POS malware was first discovered October 2008, when Visa issued an alert on a new type of exploit. During a fraud investigation, it found that attackers had been installing debugging software on POS systems that was capable of extracting full magnetic stripe data from its memory. Little heed appears to have been taken of this warning, giving malware developers time to perfect their methods. In the intervening period, developers have worked to streamline the malware, integrating all functionality into a single piece of software.
This development process eventually led to fully featured POS malware kits emerging on underground markets from 2012 onwards. US retailers were hopelessly exposed and what followed was a flood of high profile breaches, with several major US retailers hit by POS malware attacks.
One of the most widely used forms of POS malware is BlackPOS which is also known as KAPTOXA, Memory Monitor, Dump Memory Grabber, and Reedum. Variants of BlackPOS have been used to mount some of the biggest retail POS breaches.
Its development mirrors the evolution of the broader POS malware market. The earliest versions of BlackPOS date from 2010. Over time, it has evolved into a highly capable cybercrime tool which employs encryption to cover its tracks and can be customized to suit the target environment.
By February 2013, BlackPOS was ready for the mass market and the group behind one of its variants began selling it on underground forums, charging customers $2,000 for the package.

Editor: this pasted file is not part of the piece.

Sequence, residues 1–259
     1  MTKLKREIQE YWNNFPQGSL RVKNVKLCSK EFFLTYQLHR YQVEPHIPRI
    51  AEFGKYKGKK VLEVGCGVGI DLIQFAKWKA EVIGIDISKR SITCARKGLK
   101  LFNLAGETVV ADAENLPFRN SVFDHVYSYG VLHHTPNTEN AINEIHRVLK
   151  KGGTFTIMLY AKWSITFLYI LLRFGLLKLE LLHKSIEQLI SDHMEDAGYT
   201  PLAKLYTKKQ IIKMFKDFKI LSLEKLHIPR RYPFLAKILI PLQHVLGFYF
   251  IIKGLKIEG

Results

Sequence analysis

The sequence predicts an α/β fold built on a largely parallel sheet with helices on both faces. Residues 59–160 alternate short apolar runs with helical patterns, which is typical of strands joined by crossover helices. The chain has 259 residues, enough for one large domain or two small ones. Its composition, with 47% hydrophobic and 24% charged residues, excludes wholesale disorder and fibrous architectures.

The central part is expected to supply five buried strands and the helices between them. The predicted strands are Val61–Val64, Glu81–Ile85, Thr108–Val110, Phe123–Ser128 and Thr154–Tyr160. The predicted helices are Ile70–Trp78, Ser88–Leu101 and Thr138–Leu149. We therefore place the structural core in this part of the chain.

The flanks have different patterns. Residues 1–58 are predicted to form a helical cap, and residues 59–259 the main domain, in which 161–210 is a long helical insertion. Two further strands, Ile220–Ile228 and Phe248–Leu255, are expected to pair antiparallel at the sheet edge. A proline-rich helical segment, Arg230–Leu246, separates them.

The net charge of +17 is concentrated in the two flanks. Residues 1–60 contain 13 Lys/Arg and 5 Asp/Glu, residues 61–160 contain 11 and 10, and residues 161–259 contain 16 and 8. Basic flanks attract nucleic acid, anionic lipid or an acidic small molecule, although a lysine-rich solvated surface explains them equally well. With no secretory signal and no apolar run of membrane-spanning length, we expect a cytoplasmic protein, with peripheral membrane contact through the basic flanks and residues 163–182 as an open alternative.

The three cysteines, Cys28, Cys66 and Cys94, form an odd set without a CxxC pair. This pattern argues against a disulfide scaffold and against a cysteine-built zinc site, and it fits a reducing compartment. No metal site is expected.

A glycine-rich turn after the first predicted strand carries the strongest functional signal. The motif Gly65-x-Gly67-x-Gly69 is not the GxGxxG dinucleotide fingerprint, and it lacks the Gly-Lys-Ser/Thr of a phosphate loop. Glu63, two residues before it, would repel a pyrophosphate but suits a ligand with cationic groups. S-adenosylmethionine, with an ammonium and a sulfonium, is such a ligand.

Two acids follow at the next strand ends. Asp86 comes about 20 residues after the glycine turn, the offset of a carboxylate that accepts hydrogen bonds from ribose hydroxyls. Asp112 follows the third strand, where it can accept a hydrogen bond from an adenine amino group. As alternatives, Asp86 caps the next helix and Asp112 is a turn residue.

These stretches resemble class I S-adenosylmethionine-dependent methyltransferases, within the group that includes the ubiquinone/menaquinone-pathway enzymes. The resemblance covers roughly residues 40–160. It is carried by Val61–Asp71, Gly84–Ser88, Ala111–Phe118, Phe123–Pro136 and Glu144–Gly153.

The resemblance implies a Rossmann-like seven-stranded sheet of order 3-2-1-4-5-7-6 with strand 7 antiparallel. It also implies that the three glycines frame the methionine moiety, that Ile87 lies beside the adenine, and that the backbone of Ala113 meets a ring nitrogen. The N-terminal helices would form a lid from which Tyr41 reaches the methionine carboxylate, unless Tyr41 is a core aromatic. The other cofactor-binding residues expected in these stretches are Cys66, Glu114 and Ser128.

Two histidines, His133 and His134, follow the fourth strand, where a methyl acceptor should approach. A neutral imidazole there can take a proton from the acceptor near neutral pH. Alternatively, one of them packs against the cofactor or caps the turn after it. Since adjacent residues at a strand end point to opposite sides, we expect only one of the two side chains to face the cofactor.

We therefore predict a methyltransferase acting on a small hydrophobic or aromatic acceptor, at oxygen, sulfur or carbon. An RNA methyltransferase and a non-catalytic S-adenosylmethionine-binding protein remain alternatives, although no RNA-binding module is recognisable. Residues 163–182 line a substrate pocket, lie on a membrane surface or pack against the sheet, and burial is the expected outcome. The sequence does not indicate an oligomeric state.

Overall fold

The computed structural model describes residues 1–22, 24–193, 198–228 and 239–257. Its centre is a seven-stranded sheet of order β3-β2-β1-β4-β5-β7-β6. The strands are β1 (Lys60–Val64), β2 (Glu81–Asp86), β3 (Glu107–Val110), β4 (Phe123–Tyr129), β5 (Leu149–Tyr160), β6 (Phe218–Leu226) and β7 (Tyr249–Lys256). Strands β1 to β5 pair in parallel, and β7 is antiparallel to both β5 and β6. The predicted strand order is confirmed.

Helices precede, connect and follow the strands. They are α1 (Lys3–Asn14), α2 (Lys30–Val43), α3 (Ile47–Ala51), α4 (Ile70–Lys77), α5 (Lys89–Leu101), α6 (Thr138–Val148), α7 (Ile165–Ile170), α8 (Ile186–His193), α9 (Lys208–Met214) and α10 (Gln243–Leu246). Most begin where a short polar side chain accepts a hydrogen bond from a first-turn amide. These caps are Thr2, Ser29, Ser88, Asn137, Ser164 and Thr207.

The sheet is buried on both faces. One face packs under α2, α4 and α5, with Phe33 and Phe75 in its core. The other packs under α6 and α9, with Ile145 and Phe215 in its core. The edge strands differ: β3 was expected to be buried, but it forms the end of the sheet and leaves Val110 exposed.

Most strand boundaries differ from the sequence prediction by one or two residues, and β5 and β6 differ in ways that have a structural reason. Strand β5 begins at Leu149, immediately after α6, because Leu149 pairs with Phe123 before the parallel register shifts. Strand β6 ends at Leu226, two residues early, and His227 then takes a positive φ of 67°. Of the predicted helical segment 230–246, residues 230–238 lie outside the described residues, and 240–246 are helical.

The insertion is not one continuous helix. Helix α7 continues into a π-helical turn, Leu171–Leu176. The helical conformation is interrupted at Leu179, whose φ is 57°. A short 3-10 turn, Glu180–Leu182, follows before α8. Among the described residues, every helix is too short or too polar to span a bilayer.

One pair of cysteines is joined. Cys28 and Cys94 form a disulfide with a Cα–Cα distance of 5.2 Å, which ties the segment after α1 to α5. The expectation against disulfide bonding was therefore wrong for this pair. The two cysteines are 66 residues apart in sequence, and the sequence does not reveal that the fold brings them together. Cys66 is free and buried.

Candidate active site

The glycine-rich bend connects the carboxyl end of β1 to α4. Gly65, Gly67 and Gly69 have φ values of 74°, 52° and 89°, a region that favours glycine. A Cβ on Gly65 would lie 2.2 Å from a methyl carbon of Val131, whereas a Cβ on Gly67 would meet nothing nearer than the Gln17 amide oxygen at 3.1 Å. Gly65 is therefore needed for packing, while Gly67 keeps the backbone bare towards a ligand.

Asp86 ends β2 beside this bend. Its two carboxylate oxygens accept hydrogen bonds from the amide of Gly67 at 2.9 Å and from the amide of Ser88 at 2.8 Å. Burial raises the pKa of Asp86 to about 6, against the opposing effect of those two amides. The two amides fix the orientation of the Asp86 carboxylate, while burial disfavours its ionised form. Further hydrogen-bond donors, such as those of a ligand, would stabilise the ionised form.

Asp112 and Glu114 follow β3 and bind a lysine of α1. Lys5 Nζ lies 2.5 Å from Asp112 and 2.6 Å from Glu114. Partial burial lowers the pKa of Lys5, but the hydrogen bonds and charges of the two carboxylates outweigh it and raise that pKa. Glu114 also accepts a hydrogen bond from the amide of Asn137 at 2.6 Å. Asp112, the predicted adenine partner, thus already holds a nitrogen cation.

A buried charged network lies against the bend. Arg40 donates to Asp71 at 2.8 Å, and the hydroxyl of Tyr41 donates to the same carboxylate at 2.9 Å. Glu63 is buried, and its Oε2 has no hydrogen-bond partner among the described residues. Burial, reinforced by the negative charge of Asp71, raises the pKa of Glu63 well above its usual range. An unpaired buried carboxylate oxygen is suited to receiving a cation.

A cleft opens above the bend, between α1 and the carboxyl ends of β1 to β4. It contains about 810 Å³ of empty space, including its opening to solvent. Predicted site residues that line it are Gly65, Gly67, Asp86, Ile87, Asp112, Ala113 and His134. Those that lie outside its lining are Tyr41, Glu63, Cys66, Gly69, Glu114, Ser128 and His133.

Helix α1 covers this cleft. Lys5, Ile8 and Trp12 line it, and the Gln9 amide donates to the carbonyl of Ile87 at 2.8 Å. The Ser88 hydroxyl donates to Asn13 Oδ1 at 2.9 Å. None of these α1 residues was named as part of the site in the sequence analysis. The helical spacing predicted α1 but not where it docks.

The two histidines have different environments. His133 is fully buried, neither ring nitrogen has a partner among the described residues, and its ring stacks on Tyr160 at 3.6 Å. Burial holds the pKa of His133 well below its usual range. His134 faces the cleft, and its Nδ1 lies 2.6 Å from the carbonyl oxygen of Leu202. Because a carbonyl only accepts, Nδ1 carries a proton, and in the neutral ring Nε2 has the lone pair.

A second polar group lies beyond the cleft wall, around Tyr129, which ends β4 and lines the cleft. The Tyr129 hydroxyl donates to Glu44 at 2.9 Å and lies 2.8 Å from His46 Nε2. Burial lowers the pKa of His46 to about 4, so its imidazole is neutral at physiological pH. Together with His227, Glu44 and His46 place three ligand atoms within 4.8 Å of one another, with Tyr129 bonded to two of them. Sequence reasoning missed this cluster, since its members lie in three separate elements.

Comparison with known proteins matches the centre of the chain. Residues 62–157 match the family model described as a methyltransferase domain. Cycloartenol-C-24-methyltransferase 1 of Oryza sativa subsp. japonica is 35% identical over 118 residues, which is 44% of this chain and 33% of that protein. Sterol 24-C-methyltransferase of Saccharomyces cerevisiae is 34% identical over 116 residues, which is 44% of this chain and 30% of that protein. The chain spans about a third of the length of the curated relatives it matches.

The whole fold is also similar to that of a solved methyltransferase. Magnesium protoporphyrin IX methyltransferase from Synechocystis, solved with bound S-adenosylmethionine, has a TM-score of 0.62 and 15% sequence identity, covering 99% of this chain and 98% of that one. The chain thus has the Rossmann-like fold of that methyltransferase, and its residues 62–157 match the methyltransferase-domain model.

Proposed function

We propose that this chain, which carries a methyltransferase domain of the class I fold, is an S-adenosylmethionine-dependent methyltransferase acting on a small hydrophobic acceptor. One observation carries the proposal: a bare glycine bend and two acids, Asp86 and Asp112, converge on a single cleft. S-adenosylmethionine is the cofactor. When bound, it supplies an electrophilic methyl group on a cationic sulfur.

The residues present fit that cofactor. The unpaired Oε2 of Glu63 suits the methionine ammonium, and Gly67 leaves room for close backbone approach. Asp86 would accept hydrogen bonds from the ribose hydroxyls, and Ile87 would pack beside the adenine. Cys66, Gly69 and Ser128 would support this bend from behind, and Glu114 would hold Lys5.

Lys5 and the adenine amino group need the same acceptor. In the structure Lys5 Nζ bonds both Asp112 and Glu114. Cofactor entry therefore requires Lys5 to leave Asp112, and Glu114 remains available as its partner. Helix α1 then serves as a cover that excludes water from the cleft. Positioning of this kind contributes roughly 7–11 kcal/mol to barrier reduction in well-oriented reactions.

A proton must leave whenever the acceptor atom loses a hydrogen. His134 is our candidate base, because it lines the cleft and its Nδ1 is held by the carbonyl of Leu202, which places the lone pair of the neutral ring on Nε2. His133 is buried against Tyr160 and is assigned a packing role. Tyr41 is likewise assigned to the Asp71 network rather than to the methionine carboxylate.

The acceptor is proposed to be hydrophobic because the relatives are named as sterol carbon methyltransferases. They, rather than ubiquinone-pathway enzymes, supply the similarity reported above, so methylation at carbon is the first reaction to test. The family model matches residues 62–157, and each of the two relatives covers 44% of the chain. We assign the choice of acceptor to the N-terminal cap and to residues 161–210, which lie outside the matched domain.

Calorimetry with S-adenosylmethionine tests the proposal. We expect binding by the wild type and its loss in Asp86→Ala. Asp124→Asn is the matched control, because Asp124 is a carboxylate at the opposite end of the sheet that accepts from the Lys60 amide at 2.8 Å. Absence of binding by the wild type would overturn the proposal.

While the malware used to mount POS attacks is usually sold on underground forums, these forums are also often where the bounty of those attacks returns to be sold. For example, stolen credit card details from some of the biggest US breaches were sold on a forum known as Rescator.
New research from Symantec found that prices can vary heavily depending on a number of factors, such as the type of card and its level, i.e. gold, platinum or business. Card data originating from the US tends to be cheaper because of the widespread availability stolen US cards. Card details along with extra information, known as “Fullz”, tend to attract higher prices because details such as someone’s date of birth or credit card security password make it easier to perform fraudulent transactions or other activities.
Single credit cards from the US tend to cost $1.50 to $5, with discounts often available for those who buy in bulk. Single cards from the EU tend to cost more, selling for $5 to $8. Fullz start at $5 and can range up to $20. A single embossed plastic card with custom number and name meanwhile will sell for approximately $70. The stolen cards uploaded to Rescator were initially selling at a cost of $45 to $130 per card before prices later settled down.